ES2015 Maps

This article introduces the new ES2015 Map and WeakMap types, and compares their use to that of plain object literals.

Maps are data structures that pair keys with values, and are typically used in applications as indexes.

In PHP, maps can be created with associative arrays:

    '1' => 'ninjas',
    '2' => 'pirates',
    '3' => 'stormtrooper',

In JavaScript maps can be created with object literals:

  '1': 'ninjas',
  '2': 'pirates',
  '3': 'stormtrooper'

The utilitarian purpose for using maps is to quickly access some value by key without searching through an array for that value. Consider a JavaScript array of user objects. To find a user with an ID of 1003, some kind of iteration is required.

const users = [
    {id: 1001, name: 'Nicholas'},
    {id: 1002, name: 'Luiz'},
    {id: 1003, name: 'Megan'}
const findUser = (userID) => {
    const index = 0,
      maxIndex = users.length - 1;
    while (index <= maxIndex) {
      if (users[index].id === userID) {
        // found
        return users[index];
      index += 1;

Not only is the code cumbersome, but for large arrays, CPU cycles would be wasted each time the array was searched. To avoid these drawbacks, maps are often employed as indexes, whereby a value can be dereferenced by key.

const userMap = {
  '1001': {id: 1001, name: 'Nicholas'},
  '1002': {id: 1002, name: 'Luiz'},
  '1003': {id: 1003, name: 'Megan'}
const findUser = (userID) => {
    return userMap[userID];

JavaScript object literals work well as maps but have a few weaknesses.

First, all object literal properties must be strings (or Symbols in ES2015), so type coercion happens automatically when a variable (e.g., userID) is used as a dynamic key. For primitive types like numbers this works fine, as the string value is identical to the numeric value. But there are cases where using object — or even array—references as keys can be valuable, and simple string serialization cannot facilitate this.

Second, literals have no methods for performing often helpful map-related tasks, like:

  • fetching all keys: Object.keys(userMap)
  • fetching all values: _.values(userMap)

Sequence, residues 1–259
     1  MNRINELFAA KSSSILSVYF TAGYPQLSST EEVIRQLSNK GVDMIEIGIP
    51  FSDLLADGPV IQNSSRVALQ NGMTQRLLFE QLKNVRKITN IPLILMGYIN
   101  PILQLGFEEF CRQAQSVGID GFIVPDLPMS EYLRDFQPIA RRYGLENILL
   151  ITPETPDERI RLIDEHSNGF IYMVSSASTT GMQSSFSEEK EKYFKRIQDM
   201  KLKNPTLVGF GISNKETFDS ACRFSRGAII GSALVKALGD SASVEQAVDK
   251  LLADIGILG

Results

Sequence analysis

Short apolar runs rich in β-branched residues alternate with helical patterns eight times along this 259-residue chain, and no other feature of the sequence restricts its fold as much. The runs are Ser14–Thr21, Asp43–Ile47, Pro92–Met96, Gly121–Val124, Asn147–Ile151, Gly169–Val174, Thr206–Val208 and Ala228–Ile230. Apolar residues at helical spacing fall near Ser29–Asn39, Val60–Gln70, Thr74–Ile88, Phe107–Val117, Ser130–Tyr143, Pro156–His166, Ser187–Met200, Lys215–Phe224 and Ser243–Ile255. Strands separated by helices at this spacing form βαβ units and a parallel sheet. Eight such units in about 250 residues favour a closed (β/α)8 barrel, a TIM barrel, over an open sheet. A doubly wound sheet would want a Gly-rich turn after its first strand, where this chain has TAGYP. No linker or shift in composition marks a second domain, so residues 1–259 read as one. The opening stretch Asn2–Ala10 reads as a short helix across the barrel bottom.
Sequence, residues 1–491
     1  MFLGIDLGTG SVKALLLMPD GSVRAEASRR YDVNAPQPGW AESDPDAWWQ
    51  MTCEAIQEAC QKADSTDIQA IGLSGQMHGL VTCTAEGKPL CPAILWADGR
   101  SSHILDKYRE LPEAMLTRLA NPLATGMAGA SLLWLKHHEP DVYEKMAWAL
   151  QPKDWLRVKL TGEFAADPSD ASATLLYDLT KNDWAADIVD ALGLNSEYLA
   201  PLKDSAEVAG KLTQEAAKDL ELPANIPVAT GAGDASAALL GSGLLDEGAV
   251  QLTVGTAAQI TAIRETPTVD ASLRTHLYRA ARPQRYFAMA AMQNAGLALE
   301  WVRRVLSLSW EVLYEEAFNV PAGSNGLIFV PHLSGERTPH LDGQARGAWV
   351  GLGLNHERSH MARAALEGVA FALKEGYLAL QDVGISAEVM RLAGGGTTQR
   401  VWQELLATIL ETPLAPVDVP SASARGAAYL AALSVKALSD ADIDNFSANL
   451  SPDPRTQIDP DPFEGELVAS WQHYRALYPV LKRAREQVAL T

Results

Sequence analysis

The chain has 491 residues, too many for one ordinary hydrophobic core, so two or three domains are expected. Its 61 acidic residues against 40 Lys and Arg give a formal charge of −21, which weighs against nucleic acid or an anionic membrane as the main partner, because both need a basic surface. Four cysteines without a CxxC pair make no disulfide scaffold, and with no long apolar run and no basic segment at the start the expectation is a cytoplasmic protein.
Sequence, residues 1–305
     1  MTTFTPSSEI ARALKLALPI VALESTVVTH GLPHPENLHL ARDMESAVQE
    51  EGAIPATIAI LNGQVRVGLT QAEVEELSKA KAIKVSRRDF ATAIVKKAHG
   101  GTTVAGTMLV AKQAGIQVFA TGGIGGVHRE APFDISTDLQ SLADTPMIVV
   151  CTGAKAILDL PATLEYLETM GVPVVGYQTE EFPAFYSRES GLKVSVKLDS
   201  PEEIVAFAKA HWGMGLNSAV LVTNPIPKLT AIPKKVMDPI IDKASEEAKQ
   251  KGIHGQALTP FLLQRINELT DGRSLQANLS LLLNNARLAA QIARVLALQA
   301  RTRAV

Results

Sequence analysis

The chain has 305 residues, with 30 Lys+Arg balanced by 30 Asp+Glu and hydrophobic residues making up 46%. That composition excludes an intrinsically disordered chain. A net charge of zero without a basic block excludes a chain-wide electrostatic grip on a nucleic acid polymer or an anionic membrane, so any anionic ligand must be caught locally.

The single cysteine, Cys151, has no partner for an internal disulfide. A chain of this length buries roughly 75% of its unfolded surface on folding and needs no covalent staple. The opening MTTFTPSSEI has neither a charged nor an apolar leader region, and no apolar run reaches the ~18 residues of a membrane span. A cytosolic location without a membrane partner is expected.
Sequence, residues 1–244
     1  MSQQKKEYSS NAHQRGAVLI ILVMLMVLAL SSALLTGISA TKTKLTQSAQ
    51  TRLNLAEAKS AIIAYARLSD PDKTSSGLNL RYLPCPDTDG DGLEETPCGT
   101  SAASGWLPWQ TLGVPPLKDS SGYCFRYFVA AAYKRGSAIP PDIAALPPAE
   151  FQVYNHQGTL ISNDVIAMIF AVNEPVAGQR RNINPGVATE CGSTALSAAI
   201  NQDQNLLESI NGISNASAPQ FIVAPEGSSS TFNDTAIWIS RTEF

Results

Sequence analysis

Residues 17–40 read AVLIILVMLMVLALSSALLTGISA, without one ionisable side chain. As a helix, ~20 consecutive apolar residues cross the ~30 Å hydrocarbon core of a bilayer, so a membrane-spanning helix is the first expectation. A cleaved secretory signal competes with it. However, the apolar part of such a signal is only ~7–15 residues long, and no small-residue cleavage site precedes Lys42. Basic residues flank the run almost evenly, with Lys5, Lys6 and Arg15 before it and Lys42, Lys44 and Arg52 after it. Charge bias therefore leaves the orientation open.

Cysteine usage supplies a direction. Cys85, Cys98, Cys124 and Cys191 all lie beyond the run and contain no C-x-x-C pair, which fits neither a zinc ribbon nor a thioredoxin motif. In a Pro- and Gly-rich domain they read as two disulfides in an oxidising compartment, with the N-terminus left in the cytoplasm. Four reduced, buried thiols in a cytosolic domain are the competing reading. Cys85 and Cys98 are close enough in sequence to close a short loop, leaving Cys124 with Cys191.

• iterating over values: _.forOwn(userMap, (value, key) => {…})
  • deleting a key/value pair: delete userMap[1001]
  • clearing all keys/values: userMap = {}
  • testing for the existence of a key is noisy: userMap.hasOwnProperty(key).

Third, there is no way to determine the number of entries (key/value pairs) in an object literal. This is typically done by evaluating the number of keys: Object.keys(userMap).length.

Finally, object literals have prototypes which means they inherit keys from Object.prototype. Avoiding these inherited keys is typically only an issue when evaluating a literal in a for loop, however.

ES2015 introduces a new JavaScript constructor function called Map that creates an iterable object that can be used for all scenarios in which a literal is typically used as a map. Map objects are created by invoking the constructor function with the new keyword:

const userMap = new Map();

Instead of accessing object keys/values directly, a Map object exposes instance methods for managing all entries, shown below.

Map.prototype.set(key, value)

Keys in Map objects may be of any type, including objects, and are compared to one another using the JavaScript “same value” algorithm.

Because Map objects can use objects as keys, those keys will not be garbage collected when all other references to them are eliminated. So if you don’t hang on to all of your object keys outside of the map, those entries can never be removed (except by clearing the whole map).

To solve this problem, the WeakMap type was also introduced in ES2015. WeakMap objects behave similar to Map objects, except their keys will “expire” when no references remain to them, and will get picked up by the garbage collector. The API for WeakMap is smaller than Map (shown below) because the state of the garbage collector at any point may interfere with the operations that iterate over members (like keys() and values()).

WeakMap.prototype.set(key, value)

As an example I’ve created a simple UI component that consists of a list of upcoming classroom assignments that may be displayed or hidden when a chevron is clicked next to the list title. Clicking the chevron triggers the _onChevronClicked() handler in the code below.

const expansionMap = new Map();

const assignmentDetailsInterface = {
    _onChevronClicked: function (e) {
        const $chevron = $(;
        const id = $chevron.attr('data-id');
        const isExpanded = !!expansionMap.get(id);
        $chevron.toggleClass('expanded', !isExpanded)
            .toggleClass('expanded', !isExpanded);
        expansionMap.set(id, !isExpanded);

When the _onChevronClicked() event handler fires, it queries the expansionMap object to determine if the ID for the element has a value associated with it (true or false). This value indicates whether the element is expanded or contracted. If the key is not present in the expansionMap, the get() method returns undefined, so by using the boolean coercion operator !!, a missing key will evaluate to false. Once the status of the element is determined, it is either expanded or contracted (whichever is the opposite of its current state), and the new value is added to the expansionMap for the element’s ID.

This is a very simple use case but illustrates how a map works, and why it might be useful for tracking data or state.